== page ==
Samba (software)

Samba is a free software re-implementation of the SMB networking protocol, and was originally developed by Andrew Tridgell. Samba provides file and print services for various Microsoft Windows clients and can integrate with a Microsoft Windows Server domain, either as a Domain Controller (DC) or as a domain member. As of version 4, it supports Active Directory and Microsoft Windows NT domains.

Initial release1992 (1992)[1]
Stable release
4.11.4 / 16 December 2019 (2019-12-16)[2]
Written inC, Python
Operating systemMultiplatform
TypeNetwork file system

Samba runs on most Unix, OpenVMS and Unix-like systems, such as Linux, Solaris, AIX and the BSD variants, including Apple's macOS Server, and macOS client (Mac OS X 10.2 and greater). Samba is standard on nearly all distributions of Linux and is commonly included as a basic system service on other Unix-based operating systems as well. Samba is released under the terms of the GNU General Public License. The name Samba comes from SMB (Server Message Block), the name of the standard protocol used by the Microsoft Windows network file system.

Early history

Andrew Tridgell developed the first version of Samba Unix in December 1991 and January 1992, as a PhD student at the Australian National University, using a packet sniffer to do network analysis of the protocol used by DEC Pathworks server software. At the time of the first releases, versions 0.1, 0.5 and 1.0, all from the first half of January 1992, it did not have a proper name, and Tridgell just called it "a Unix file server for Dos Pathworks". At the time of version 1.0, he realized that he "had in fact implemented the netbios protocol" and that "this software could be used with other PC clients".

With a focus on interoperability with Microsoft's LAN Manager, Tridgell released "netbios for unix", observer, version 1.5 in December 1993. This release was the first to include client-software as well as a server. Also, at this time GPL2 was chosen as license.

Samba is one of the file sharing systems.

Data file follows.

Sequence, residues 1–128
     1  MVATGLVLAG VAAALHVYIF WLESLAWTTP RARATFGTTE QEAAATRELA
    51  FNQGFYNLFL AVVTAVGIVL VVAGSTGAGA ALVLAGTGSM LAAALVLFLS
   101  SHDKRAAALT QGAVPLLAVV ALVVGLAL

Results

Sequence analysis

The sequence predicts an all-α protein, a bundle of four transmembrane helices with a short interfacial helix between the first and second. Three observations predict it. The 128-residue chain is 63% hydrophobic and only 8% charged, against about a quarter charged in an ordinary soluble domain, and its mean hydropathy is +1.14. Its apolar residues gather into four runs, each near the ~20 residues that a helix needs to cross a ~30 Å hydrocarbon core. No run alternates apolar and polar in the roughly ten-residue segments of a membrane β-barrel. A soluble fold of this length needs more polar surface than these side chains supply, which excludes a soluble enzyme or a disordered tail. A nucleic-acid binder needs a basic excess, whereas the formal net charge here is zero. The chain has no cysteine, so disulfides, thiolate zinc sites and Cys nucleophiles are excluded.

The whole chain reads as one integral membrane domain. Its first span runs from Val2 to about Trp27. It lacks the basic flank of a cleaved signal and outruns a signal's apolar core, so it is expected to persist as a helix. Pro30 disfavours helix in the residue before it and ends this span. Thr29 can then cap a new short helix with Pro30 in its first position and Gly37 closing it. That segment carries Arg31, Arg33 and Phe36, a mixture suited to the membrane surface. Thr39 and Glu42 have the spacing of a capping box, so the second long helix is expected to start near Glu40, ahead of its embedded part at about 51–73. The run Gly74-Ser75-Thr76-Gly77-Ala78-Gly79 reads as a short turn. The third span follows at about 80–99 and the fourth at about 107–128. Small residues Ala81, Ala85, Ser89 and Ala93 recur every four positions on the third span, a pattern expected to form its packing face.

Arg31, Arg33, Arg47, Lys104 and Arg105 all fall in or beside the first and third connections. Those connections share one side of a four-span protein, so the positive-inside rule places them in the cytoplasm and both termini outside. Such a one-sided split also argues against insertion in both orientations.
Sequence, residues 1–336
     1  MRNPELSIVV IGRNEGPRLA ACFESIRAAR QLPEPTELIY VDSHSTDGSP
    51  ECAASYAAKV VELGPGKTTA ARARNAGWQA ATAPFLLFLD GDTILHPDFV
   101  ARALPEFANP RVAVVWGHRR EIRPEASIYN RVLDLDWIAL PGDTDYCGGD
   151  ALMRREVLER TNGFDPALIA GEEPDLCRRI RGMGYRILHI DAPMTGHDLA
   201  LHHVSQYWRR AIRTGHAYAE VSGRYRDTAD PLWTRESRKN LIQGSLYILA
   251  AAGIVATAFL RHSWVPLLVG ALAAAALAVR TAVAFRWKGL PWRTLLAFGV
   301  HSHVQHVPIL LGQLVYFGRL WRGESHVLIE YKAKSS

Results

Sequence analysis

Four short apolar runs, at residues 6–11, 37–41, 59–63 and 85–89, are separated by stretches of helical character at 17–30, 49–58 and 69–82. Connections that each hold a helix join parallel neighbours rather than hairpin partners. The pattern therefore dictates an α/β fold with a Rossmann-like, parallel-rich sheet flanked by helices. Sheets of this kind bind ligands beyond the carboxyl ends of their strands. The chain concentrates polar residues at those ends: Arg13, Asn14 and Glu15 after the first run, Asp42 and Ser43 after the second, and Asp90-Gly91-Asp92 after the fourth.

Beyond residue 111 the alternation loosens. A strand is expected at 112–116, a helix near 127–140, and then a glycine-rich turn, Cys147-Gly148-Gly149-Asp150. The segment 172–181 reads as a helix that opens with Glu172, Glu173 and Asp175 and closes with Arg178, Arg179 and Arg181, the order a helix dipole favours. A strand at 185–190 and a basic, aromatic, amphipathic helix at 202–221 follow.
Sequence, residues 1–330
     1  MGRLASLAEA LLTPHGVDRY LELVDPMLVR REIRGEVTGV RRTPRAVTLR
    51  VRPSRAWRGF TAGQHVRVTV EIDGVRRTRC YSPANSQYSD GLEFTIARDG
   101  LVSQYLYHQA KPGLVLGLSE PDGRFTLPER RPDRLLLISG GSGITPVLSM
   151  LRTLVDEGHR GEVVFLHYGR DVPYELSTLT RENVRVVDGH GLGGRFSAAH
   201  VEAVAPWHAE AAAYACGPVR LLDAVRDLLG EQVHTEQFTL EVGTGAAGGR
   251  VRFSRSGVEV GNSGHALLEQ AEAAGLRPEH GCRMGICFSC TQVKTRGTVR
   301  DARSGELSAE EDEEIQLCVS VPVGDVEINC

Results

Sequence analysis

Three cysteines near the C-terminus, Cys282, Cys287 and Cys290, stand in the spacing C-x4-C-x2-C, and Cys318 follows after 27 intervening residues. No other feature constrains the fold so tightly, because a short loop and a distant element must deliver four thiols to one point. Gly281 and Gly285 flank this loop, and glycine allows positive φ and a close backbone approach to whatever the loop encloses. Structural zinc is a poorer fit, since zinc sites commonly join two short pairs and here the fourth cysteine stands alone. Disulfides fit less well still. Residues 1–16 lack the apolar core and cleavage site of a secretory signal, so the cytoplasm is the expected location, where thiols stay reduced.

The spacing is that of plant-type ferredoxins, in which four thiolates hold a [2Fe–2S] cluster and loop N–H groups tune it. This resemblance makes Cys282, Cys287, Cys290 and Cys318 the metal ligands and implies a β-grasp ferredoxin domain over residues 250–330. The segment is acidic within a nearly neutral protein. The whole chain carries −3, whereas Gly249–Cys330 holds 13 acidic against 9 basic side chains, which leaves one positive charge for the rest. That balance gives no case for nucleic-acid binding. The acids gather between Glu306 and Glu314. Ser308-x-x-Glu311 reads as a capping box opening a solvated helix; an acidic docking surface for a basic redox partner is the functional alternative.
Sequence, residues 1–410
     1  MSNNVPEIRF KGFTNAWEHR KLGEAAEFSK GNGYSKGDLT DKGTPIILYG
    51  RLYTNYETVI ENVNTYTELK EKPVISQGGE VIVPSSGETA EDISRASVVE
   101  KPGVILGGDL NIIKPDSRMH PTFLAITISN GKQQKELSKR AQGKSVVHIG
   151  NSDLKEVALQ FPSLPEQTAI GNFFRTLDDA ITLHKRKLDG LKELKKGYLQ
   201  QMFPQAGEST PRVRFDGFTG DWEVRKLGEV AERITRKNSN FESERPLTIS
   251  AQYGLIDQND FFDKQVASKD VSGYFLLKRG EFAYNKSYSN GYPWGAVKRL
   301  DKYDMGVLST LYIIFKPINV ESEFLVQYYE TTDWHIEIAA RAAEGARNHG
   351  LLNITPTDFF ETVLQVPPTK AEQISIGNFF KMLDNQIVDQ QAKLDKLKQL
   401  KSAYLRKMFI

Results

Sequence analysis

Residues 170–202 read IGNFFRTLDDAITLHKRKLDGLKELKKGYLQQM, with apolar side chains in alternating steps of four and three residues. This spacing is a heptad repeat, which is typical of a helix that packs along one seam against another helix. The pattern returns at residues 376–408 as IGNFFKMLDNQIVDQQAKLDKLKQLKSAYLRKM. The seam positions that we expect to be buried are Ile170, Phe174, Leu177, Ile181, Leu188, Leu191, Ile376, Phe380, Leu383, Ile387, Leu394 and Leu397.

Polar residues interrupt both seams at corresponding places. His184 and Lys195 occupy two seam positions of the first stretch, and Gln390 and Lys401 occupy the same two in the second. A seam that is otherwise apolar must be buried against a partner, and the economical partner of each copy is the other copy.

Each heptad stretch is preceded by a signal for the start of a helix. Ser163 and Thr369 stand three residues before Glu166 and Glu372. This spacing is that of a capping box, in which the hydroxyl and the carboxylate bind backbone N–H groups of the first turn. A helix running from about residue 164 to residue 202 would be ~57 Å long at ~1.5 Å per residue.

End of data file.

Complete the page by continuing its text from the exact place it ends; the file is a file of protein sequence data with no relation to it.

Midway through the 1.5-series, the name was changed to smbserver. However, Tridgell got a trademark notice from the company "Syntax", who sold a product named TotalNet Advanced Server and owned the trademark for "SMBserver". The name "Samba" was derived by running the Unix command grep through the system dictionary looking for words that contained the letters S, M, and B, in that order (i.e. grep -i '^s.*m.*b' /usr/share/dict/words).[3]

Versions 1.6, 1.7, 1.8, and 1.9 followed relatively quickly, with the latter being released in January 1995. Tridgell considers the adoption of CVS in May 1996 to mark the birth of the Samba Team, though there had been contributions from other people, especially Jeremy Allison, previously.[4]

Version 2.0.0 was released in January 1999, and version 2.2.0 in April 2001.

Version history

Version 3.0.0, released on 23 September 2003, was a major upgrade. Samba gained the ability to join Active Directory as a member, though not as a domain controller.[5] Subsequent point-releases to 3.0 have added minor new features. Currently, the latest release in this series is 3.0.37, released 1 October 2009, and shipped on a voluntary basis.[6] The 3.0.x series officially reached end-of-life on 5 August 2009.[6]

Version 3.1 was used only for development.

With version 3.2, the project decided to move to time-based releases. New major releases, such as 3.3, 3.4, etc. will appear every 6 months. New features will only be added when a major release is done, point-releases will be only for bug fixes.[7] Also, 3.2 marked a change of license from GPL2 to GPL3, with some parts released under LGPL3.[8] The main technical change in version 3.2 was to autogenerate much of the DCE/RPC-code that used to be handcrafted. Version 3.2.0 was released on 1 July 2008.[9] and its current release is 3.2.15 from 1 October 2009. The 3.2.x series officially reached end-of-life on 1 March 2010.[9]

September 23, 2003Old version, no longer supported: 3.0Active Directory support[10]
July 1, 2008Old version, no longer supported: 3.2It will be updated on an as-needed basis for security issues only[11]
January 27, 2009Old version, no longer supported: 3.3
July 3, 2009Old version, no longer supported: 3.4This was the first release to include both Samba 3 and Samba 4 source code.[12]
March 1, 2010Old version, no longer supported: 3.5This was the first release to include experimental support for SMB2.[13]
August 9, 2011Old version, no longer supported: 3.6This is the first branch which includes full support for SMB2.[14]